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  Devil-Ship Pirates, The Kick Arrs
Year: 1964
Director: Don Sharp
Stars: Christopher Lee, Andrew Keir, John Cairney, Duncan Lamont, Michael Ripper, Ernest Clark, Barry Warren, Suzan Farmer, Natasha Pyne, Annette Whitely, Charles Houston, Philip Latham, Harry Locke, Leonard Fenton, Jack Rodney, Barry Linehan, Johnny Briggs
Genre: Action, AdventureBuy from Amazon
Rating:  6 (from 1 vote)
Review: The year is 1588 and the Spanish Armada has taken a seafaring thrashing at the cannons of the English fleet, but what of the small privateer Diablo? Led by its ruthless Captain Robeles (Christopher Lee) it is purely in the battle for the money they can secure from the Spanish authorities, since this is a pirate vessel and once the tide turns against their side, with the ship taking a hit from the enemy, the Captain decides they are better off out of this carnage and set sail for the shore of Southern England so they can lick their wounds, and repair the damage. However, they have only four days available to them and are down to half the crew they started with, so what can they do to improve their odds?

The Devil-Ship Pirates was one of the swashbucklers British studio Hammer made during the course of their existence, best known for their horrors of course, but they branched out into other genres as well. It did make sense, since their accustomed milieu was not usually modern times, and quite often their productions would be set in historical eras, anywhere from caveman days right up to the early twentieth century. Thus historical adventures became a lucrative angle, especially with the matinee audiences who responded to that peculiar mixture of derring do and the grimmer, grittier sense of tone that also informed their chillers, though here was applied to an alternative flavour of movie.

Well, they were being made by the same personnel, with Jimmy Sangster on scripting duties in this case, one of Hammer's highest profile writers, if not the highest profile they ever had. This was a shade less gory than such efforts could get, though no less bloodthirsty as the Spanish pirates save on the budget as in the almost immediately previous Pirates of Blood River by eschewing the sea, unlike most films featuring buccaneers, and opted to stay on the land. Their excuse was that they were having to repair their craft, as seen in the surprisingly expensive-looking opening battle which goes some way to explaining why once the ship was built they didn't have a great deal of cash left over for the rest of the business, so it was a small village and surrounding area we settled in.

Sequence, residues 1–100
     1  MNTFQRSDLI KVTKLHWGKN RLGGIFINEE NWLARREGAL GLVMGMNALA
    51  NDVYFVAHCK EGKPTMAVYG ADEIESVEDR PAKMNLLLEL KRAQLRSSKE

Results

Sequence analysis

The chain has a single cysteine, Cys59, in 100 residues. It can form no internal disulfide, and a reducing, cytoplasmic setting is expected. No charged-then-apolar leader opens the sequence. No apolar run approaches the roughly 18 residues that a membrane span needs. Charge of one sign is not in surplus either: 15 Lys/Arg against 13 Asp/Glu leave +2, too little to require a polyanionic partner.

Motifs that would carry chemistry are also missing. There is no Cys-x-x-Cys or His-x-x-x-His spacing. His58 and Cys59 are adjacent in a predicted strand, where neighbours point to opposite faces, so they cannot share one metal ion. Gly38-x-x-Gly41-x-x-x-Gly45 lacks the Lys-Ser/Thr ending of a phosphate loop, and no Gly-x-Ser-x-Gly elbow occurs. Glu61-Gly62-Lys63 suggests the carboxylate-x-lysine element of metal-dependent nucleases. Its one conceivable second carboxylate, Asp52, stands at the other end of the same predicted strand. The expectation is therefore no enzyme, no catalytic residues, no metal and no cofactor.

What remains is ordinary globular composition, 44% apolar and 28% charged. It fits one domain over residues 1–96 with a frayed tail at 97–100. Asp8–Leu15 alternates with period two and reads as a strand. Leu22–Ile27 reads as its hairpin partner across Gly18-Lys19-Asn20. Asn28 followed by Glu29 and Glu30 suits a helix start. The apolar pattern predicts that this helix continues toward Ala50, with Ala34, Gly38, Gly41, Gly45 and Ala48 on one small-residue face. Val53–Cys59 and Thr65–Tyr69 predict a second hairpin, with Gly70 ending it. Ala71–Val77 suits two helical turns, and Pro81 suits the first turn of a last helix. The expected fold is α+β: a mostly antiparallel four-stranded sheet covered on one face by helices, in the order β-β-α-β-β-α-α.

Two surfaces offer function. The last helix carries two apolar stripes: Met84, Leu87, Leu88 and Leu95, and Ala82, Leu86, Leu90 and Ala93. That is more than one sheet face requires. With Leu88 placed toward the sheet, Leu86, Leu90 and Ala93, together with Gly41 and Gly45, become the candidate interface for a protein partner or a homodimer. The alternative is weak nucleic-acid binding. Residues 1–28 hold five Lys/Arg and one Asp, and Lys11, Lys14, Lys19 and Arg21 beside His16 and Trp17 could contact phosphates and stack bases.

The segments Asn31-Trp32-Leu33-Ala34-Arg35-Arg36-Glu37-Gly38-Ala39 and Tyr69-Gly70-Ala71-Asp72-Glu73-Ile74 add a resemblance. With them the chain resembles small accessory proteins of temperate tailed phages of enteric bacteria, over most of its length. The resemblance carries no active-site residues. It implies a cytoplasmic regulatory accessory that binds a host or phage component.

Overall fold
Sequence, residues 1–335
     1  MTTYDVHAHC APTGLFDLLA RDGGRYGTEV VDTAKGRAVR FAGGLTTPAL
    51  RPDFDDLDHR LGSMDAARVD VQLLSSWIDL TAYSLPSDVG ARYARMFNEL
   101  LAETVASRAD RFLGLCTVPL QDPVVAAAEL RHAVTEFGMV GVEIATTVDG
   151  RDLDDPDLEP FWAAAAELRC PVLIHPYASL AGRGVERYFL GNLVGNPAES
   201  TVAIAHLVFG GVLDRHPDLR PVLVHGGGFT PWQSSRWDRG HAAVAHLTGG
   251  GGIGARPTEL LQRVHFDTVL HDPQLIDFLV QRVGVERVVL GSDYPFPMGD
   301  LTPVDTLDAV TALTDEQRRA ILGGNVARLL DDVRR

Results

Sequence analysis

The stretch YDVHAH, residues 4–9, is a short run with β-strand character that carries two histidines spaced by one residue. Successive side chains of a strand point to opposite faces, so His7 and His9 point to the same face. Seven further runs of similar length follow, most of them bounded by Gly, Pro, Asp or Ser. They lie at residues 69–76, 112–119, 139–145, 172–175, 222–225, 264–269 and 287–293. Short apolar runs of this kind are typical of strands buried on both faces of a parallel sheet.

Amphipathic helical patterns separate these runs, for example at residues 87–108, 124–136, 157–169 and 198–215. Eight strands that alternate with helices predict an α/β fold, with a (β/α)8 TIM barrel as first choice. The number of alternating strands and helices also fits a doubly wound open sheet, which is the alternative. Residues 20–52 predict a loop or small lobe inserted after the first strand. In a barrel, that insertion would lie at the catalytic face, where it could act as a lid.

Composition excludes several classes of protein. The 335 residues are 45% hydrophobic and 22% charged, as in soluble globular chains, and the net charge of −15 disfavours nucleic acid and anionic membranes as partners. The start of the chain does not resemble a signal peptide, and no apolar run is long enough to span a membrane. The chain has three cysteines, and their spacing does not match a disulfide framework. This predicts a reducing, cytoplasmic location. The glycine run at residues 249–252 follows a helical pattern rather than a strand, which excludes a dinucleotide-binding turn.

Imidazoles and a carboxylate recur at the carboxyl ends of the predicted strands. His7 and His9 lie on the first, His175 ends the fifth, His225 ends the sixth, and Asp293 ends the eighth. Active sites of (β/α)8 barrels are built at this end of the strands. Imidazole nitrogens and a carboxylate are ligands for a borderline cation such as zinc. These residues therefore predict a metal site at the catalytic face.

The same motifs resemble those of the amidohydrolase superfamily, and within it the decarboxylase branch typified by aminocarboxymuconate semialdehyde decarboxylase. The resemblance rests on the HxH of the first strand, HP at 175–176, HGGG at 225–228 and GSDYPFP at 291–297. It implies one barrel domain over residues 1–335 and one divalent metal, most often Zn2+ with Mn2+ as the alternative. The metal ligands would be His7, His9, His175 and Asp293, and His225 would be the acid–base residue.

In a neat bit of scripting, those villagers are unaware the English have actually seen off the Armada, so when the Spaniard invaders announce they are the victors, they have no cause to doubt them and prepare for defeat. At least, some of them do: the authority figures capitulate, but one of our heroes (there are effectively two) is Harry (John Cairney) and he's just not buying it. Interestingly, having tussled with the Spanish before he is a disabled character, not having the use of one arm, and it doesn't hold him back as he proves himself every bit as accomplished as the able-bodied characters. That other heroic figure by all rights shouldn't be, for he is a representative of the enemy government, Don Manuel (Barry Warren), a man increasingly appalled at his situation.

But the real gem in the cast was the baddie, the pirate Captain Christopher Lee. Even by this time he had the ability to make a meal of the slimmest pickings in screen villainy, and here was no exception, barking out Sangster's lines with genuine venom, making him an evildoer to relish and bumping up the enjoyment factor a couple of levels. As this was what we were dealing with, he performed his own swordfights into the bargain, and it really made a difference as we could well see it was the actual star fencing away in a completely convincing fashion. When Lee is in the scene, he's the one we watch, which might be why Devil-Ship Pirates was more of an ensemble effort with many of Hammer's stalwarts joining in, along with some fresher faces, often young ladies to be imperilled like Natasha Pyne who suffers the indignity of having to hide up to her neck in a marsh almost overnight. There was a definite edge to these historicals, a sense that nobody was messing about, even if they were a little, but watch it for Lee to witness how a professional makes gold out of lead. Music by Gary Hughes.
Reviewer: Graeme Clark

 

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